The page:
My husband and I agreed that we would not terminate the pregnancy and then decided that we did not want life support for our newborn. If our baby could not breathe on her own, could not eat, or suck, we wanted to hold the space to honor her peaceful death. We were making these intense decisions with our neonatologist, midwife and priest and then someone would say “You didn’t have an abortion?” What gave us away? The fact that I was seven, then eight, then nine months pregnant. I had one question: Why is this any of your business?

The decision to carry a child with a fatal illness to term or not, to choose life support for an unborn baby or not, to plan a funeral instead of readying a nursery, these are all private decisions. For those who feel that they should weigh in, let me stop you here. If a couple asks “What should we do?” then it is appropriate to give advice. In our case we never asked anyone for advice, except for our midwife, Mary Rose’s doctors, and our priest. We wanted to be sure that our decisions were ethical, that we were not denying our daughter anything as her parents. But life is life. She would either breathe on her own, or she would not. She would either eat, or not. And in our daughter’s case she did none of these things.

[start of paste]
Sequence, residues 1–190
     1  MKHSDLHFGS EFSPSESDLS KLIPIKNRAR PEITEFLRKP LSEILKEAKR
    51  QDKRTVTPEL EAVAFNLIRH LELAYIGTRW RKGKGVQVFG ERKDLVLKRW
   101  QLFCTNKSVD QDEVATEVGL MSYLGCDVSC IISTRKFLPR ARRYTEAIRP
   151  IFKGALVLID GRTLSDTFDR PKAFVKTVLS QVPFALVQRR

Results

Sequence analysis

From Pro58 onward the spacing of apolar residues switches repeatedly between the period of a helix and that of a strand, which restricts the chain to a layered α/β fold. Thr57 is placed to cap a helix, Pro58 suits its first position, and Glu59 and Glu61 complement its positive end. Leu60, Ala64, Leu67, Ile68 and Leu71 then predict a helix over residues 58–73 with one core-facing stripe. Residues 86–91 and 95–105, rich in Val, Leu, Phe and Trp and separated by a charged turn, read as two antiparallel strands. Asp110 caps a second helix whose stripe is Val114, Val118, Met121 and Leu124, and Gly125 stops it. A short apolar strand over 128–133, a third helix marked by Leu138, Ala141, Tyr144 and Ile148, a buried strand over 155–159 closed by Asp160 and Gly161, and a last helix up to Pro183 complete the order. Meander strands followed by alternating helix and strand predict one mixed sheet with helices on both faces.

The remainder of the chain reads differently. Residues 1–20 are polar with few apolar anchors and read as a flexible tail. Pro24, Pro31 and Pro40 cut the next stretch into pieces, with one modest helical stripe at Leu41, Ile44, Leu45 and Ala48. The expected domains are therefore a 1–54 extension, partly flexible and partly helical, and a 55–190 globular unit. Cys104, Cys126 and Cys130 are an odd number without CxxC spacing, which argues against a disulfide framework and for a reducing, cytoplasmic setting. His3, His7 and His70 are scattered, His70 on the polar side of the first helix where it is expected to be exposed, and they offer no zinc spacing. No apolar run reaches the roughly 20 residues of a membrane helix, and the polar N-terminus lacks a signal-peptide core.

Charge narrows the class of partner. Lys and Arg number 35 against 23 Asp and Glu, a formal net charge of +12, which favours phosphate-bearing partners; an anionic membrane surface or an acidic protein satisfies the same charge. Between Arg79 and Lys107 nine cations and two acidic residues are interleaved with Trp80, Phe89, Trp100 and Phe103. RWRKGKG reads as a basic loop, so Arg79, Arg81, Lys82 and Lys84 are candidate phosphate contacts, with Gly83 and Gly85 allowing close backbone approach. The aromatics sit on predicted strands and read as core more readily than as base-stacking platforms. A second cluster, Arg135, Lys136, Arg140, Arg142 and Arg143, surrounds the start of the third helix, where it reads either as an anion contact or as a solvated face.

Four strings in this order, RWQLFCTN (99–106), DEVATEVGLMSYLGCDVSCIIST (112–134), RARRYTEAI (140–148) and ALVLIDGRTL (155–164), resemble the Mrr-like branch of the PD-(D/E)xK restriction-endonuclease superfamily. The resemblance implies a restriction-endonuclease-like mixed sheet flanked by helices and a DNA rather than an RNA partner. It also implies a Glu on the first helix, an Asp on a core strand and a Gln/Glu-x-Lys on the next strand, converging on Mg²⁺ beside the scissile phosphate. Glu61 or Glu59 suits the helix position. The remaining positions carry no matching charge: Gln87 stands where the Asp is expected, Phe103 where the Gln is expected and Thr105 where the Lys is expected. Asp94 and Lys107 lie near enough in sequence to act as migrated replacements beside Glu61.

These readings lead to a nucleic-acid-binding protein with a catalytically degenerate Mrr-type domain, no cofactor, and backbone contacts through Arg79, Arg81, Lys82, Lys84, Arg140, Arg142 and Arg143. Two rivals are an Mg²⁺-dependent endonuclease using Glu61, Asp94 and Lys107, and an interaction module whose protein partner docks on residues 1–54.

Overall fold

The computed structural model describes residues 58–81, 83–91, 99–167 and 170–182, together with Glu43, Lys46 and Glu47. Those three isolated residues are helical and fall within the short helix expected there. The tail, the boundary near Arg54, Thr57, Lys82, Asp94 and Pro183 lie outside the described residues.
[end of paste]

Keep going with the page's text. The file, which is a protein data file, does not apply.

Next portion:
For people who don’t know what to say, say less. The comments I appreciated the most were “I don’t understand what you are going through, but I’m here for you.” That says I love you, but I won’t boss you around. It is somewhat comical the way people dispensed advice. One mother told me “I wouldn’t do anything. Just wait and believe that God will heal your baby. Do you pray? Do you believe in miracles?” That’s a great way to kick a woman already on her knees further down. I believe in miracles, but I also believe in accepting God’s will. I had carried a healthy child to term and I knew that my daughter’s body was not developing normally. If I had listened to this woman what would we have done with Mary Rose’s body? We had already purchased a plot and had a casket for the burial. She was buried within 26 hours of birth. I couldn’t exactly wait to see what would play out when the tests were 99.8% accurate.